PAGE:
Before and after pictures of streets with and without trees are the most compelling reason for planting them. But beyond the obvious beauty of trees lining a street there are also some solid practical reasons for planting them. Below are five reasons from the article "The Benefits of Street Trees" by Liz Dunn.
1. Cars drive slower on streets lined with trees.
In the March 14th edition of the Seattle Times Pacific Northwestmagazine, former Seattle city arborist Marvin Black points out that traffic moves more slowly on streets lined with trees. Trees have a calming effect, and drivers are at least subconsciously aware that where there are trees, there are often pedestrians and children playing.
In his book Great Streets, the internationally known urban planner Alan B. Jacobs notes that wide streets where the buildings are small and set back lose their definition, unless this effect is mitigated by lining the street with trees. Otherwise it feels like a transportation corridor, not a place where people live. Jacobs also cites research showing that for many people trees are the most important single characteristic of a "good street".
2. Street trees reduce noise from traffic.
Street trees reduce the amount of engine noise created because drivers go more slowly. A line of large leafy trees can also absorb a great deal of noise. Even a line of smaller trees can be enough of a buffer to block traffic noise from reaching private yards and homes.
3. Residents walk more on streets lined with trees.
When cars drive more slowly, pedestrians feel safer. In addition, curbs and trees provide a physical and psychological buffer between sidewalk and car traffic that increases this feeling of safety. The busier the street, the more this safety buffer is needed. And of course, trees provide an environment in which it is more pleasant to walk - something attractive and green to look at, shade in the summer, a canopy from rain in the winter.
Another thing that happens when we plant trees is that people can no longer park their cars up on the sidewalk. How often have you tried to walk down a street where a car has pulled up onto the planting strip and sidewalk, forcing you onto the street? The whole neighborhood benefits when people get out of their houses to walk. Residents are more likely to meet up regularly with their neighbors, to keep an eye on each other's property, to use their local parks and to patronize local businesses.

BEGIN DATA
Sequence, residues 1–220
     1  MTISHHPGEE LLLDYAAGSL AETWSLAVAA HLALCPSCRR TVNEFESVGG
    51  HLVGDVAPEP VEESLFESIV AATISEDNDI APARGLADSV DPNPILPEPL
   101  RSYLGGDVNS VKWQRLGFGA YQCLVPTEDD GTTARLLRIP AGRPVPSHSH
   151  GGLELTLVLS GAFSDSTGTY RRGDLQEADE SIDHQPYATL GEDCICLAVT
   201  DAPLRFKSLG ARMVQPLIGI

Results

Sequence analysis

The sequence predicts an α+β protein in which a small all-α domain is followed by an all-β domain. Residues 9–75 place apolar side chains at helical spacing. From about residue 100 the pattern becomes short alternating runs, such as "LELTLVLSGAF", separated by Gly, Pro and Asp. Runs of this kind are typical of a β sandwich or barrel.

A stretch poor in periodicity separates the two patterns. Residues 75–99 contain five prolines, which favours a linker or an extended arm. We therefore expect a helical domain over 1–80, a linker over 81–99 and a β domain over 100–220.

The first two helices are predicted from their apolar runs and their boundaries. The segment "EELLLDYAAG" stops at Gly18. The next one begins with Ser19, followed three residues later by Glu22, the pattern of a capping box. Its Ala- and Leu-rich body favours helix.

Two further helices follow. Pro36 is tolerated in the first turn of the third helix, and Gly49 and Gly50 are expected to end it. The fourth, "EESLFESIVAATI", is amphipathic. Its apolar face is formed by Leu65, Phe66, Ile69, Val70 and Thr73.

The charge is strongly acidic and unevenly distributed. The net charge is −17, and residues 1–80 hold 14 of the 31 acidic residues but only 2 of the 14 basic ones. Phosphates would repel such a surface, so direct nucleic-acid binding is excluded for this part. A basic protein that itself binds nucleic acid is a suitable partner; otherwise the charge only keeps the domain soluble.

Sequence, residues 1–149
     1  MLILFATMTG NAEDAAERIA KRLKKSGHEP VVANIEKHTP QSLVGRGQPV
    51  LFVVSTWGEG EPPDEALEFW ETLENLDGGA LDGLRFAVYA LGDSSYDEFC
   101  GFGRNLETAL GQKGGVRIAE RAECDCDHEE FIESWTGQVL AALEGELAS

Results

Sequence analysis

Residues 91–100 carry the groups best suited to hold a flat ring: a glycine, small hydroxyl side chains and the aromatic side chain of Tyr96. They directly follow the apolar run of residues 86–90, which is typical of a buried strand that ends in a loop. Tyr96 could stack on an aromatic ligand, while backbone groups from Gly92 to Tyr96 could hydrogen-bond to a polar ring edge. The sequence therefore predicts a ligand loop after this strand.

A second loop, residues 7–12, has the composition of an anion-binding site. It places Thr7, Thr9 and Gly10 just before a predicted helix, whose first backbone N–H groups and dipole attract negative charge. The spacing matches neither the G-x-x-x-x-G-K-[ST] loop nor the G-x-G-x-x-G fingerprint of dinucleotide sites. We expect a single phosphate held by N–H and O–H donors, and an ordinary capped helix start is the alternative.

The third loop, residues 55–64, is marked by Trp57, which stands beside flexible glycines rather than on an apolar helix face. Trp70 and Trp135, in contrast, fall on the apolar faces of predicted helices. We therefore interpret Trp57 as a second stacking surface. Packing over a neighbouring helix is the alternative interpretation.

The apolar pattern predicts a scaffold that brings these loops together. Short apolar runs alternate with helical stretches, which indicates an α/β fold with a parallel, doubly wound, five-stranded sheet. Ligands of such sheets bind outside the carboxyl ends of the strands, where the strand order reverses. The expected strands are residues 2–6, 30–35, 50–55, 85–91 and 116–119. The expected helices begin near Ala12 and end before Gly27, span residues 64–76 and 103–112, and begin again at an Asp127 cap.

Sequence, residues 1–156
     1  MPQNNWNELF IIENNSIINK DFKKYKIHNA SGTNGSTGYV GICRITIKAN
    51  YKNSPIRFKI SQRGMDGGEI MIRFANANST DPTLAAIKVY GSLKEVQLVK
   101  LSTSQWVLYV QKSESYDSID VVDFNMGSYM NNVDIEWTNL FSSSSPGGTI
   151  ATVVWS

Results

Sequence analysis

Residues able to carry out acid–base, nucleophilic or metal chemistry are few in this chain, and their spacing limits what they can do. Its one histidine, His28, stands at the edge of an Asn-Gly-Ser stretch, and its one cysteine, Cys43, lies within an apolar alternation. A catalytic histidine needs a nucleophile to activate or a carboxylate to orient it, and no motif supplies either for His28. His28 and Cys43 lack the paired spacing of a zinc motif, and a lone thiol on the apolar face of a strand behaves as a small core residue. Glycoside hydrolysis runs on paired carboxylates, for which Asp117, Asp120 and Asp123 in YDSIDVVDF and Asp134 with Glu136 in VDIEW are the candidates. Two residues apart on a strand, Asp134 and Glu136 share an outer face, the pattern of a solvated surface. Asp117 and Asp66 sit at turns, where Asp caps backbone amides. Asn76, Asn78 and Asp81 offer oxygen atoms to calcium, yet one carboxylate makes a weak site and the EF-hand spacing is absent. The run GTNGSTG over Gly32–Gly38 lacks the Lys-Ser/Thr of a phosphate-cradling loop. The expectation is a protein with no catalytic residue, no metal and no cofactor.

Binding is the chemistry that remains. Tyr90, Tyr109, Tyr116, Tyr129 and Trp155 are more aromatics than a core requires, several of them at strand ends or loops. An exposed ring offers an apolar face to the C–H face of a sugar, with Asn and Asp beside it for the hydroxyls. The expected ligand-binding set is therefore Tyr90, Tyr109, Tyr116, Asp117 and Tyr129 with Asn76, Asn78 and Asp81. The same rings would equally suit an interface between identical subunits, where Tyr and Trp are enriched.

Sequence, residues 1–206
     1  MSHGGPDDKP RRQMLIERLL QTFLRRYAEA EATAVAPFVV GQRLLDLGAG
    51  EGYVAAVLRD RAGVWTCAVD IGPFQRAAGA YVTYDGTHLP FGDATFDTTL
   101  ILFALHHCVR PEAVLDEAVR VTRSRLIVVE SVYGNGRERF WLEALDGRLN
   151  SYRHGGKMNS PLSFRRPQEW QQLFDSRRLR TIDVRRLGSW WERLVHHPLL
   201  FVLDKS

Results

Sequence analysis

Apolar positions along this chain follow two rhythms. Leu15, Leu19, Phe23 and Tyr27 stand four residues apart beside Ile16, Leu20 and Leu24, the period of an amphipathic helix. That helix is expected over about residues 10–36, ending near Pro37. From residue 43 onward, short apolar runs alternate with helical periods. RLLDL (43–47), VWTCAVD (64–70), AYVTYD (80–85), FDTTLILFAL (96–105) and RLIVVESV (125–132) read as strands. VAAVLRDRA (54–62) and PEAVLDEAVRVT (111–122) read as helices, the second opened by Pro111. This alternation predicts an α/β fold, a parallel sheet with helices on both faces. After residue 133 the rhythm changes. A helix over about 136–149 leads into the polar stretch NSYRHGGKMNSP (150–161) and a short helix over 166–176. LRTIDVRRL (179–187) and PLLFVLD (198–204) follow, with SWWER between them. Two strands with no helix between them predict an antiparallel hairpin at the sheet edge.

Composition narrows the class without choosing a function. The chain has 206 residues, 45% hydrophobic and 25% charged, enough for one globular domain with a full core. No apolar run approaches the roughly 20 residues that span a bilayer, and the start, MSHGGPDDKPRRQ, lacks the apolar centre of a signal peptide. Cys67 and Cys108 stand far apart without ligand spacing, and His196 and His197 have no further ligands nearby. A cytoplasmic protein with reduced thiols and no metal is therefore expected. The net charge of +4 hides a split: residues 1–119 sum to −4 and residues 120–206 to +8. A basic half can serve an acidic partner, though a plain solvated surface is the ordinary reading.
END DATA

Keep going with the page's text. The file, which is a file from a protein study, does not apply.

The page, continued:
4. Trees improve air quality.
Trees consume carbon dioxide and emit oxygen. In general, the more trees we plant, the better air we breathe.
5. Street trees increase property values.
In his book City Comforts, local urban planner and author David Sucher says, "Even streets of modest houses gain a grandeur and presence when treed. Old money need not be the only ones to have old trees." Streets with trees look more stable and prosperous. Families with children are more attracted to a neighborhood where they can picture themselves going for walks and letting kids play on the sidewalk. A neighborhood that looks cared for, with visible sidewalk activity, experiences less crime and especially fewer break-ins. Of course, it is important to select a tree species that will thrive with minimal maintenance and will not block sunlight and views.
Sucher estimates that street trees can boost the value of each home on the street by at least $1000 to $5000. In their pamphletBenefits of Trees, the International Society of Arboriculture estimates that the improvement in curb appeal due to street trees increases real estate values by 5-20%.
Reprinted from "The Benifits of Street Trees" by Liz Dunn